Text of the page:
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Teenage Black Elk has lived a full life by the time he witnessed Little Big Horn and became a healer but there is so much left. We discuss Sioux religious cerimonies, Wounded Knee and a somewhat decisive book Black Elk dictates in the 1930s. Sources The Sacred Pipe by Joseph Epes Brown Black Elk Speaks by John G Neidhart Black Elk by Joe Jackson Ni…
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An essential—and monumental—member of the Sonoran Desert ecosystem, the saguaro cactus has become the quintessential icon of the American West. In the Arms of Saguaros: Iconography of the Giant Cactus (U Arizona Press, 2023) shows how, from the botanical explorers of the nineteenth century to the tourism boosters in our own time, saguaros and their…
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California’s wine country conjures images of pastoral vineyards and cellars lined with oak barrels. As a mainstay of the state’s economy, California wines occupy the popular imagination like never before and drive tourism in famous viticultural regions across the state. Scholars know remarkably little, however, about the history of the wine industr…
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In the late 1960s, as the United States was wracked by protests, assassinations, and political unrest, students in Washington State seized the moment. In Washington State Rising: Black Power on Campus in the Pacific Northwest (NYU Press, 2023), California State University, Bernardino, history professor Marc Robinson tells the story of African Ameri…
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From the Black Power movement and state surveillance to Silicon Valley and gentrification, Medina by the Bay: Scenes of Muslim Study and Survival (Duke UP, 2023) examines how multiracial Muslim communities in the San Francisco Bay Area survive and flourish within and against racial capitalist, carceral, and imperial logics. Weaving expansive histor…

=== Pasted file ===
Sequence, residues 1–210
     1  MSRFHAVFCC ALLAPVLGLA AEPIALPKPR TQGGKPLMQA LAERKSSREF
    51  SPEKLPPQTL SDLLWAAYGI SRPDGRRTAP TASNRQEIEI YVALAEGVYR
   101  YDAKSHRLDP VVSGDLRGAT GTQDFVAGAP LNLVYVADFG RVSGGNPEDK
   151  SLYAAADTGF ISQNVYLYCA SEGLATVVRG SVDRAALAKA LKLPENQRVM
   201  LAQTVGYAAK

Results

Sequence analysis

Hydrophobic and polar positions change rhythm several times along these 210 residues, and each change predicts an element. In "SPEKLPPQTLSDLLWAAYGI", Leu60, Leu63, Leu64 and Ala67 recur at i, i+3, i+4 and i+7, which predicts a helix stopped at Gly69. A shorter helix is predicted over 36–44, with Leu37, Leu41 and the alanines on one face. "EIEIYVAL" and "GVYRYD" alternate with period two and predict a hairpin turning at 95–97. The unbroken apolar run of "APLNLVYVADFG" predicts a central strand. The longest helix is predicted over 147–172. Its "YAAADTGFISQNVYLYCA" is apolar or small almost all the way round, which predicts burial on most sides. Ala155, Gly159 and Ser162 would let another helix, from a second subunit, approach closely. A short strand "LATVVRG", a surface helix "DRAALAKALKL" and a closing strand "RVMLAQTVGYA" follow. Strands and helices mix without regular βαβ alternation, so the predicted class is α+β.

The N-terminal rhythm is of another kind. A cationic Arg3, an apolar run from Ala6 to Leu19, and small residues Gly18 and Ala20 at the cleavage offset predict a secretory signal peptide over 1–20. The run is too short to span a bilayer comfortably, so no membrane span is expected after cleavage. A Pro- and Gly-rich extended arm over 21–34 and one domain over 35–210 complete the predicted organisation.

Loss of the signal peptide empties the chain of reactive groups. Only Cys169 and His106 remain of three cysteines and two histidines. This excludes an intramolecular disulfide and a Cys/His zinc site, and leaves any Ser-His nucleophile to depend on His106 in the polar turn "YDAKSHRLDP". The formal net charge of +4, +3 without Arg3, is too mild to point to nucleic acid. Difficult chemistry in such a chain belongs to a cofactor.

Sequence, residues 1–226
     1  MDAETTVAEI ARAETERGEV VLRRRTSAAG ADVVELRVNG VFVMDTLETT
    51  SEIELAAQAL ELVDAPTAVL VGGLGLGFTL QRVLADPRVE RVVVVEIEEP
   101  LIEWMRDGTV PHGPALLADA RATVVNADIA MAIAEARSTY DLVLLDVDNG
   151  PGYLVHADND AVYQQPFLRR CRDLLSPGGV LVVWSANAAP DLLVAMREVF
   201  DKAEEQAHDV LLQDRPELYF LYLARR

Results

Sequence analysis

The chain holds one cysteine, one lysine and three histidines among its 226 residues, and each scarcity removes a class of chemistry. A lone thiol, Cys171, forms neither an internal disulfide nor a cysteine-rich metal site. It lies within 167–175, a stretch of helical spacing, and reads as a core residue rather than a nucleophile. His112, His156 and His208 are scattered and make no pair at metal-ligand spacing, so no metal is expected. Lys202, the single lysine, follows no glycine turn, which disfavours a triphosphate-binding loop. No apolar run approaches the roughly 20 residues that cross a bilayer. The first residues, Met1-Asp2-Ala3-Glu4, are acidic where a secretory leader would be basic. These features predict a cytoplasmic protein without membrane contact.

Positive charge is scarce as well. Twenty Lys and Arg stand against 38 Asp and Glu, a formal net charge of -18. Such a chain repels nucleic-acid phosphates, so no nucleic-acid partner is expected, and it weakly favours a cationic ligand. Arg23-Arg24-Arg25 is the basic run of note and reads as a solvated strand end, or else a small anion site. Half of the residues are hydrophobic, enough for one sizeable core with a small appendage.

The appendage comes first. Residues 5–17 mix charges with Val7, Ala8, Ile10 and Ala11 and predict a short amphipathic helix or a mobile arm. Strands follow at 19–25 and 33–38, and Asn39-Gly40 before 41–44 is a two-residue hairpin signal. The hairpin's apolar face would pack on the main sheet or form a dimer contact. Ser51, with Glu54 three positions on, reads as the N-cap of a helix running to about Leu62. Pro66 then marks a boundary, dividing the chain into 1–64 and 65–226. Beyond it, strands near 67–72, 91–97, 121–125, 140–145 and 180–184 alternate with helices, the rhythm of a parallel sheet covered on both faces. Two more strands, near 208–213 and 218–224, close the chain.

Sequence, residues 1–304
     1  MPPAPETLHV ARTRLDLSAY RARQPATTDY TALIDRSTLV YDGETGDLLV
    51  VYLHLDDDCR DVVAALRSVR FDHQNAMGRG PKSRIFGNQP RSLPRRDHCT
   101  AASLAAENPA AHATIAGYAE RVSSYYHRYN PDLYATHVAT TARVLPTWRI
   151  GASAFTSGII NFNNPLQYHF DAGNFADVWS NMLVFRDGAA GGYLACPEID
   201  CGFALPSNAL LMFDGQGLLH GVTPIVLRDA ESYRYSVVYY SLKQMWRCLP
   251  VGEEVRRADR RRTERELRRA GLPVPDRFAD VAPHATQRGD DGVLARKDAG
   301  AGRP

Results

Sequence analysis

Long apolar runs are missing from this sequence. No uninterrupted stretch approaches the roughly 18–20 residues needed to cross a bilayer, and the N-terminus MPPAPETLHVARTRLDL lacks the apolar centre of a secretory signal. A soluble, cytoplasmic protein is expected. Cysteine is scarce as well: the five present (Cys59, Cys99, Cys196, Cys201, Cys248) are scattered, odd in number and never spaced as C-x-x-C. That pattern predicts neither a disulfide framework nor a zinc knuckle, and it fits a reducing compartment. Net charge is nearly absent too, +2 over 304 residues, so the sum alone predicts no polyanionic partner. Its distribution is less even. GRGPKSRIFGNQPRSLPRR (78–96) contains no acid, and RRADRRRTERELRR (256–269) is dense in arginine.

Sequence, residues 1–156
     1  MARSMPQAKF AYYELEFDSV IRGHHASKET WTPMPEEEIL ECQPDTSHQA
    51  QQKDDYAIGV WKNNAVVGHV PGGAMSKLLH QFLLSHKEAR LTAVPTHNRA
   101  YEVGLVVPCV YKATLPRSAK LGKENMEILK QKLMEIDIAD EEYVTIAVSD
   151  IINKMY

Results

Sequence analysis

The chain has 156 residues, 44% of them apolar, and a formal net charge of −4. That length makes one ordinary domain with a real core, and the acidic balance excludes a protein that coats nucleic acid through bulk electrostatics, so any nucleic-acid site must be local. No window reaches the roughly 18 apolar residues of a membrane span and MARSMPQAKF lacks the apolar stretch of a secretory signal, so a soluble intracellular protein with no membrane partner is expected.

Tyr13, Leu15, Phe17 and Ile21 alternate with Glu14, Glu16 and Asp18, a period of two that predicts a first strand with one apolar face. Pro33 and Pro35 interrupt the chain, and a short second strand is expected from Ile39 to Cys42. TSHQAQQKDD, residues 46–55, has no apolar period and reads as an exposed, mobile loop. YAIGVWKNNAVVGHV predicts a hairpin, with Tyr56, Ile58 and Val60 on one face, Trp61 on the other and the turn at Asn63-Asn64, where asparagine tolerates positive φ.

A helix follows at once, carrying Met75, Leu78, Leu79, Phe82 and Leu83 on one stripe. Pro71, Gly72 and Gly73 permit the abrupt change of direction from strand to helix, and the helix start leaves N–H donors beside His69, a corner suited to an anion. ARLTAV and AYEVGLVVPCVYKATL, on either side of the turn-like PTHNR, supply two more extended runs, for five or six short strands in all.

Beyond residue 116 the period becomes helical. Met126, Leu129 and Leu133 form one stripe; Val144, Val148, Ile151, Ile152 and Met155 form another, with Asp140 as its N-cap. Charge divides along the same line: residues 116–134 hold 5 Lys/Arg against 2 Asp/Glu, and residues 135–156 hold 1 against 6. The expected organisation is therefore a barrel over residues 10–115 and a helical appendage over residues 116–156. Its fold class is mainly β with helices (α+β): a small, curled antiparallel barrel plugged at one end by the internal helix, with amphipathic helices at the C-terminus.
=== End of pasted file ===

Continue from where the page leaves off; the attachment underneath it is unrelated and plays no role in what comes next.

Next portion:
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Food is at the center of everything, writes University of Washington professor of American Indian Studies Charlotte Coté. In A Drum in One Hand, A Sockeye in the Other: Stories of Indigenous Food Sovereignty from the Northwest Coast (U Washington Press, 2022), Coté shares stories from her own experience growing up and living in the Pacific Northwes…
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Monte Carlo and Las Vegas have become synonymous with casino gambling. Both destinations featured it as part of a broad variety of leisure and consumption opportunities that normalized games of chance and created emotional atmospheres that supported the hedonistic aspects of gambling. Urban spaces and architecture were carefully designed to enable …
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The City Aroused: Queer Places and Urban Redevelopment in Postwar San Francisco (University of Texas Press, 2024) by Dr. Damon Scott is a lively history of urban development and its influence on queer political identity in postwar San Francisco. By reconstructing the planning and queer history of waterfront drinking establishments, Dr. Scott shows …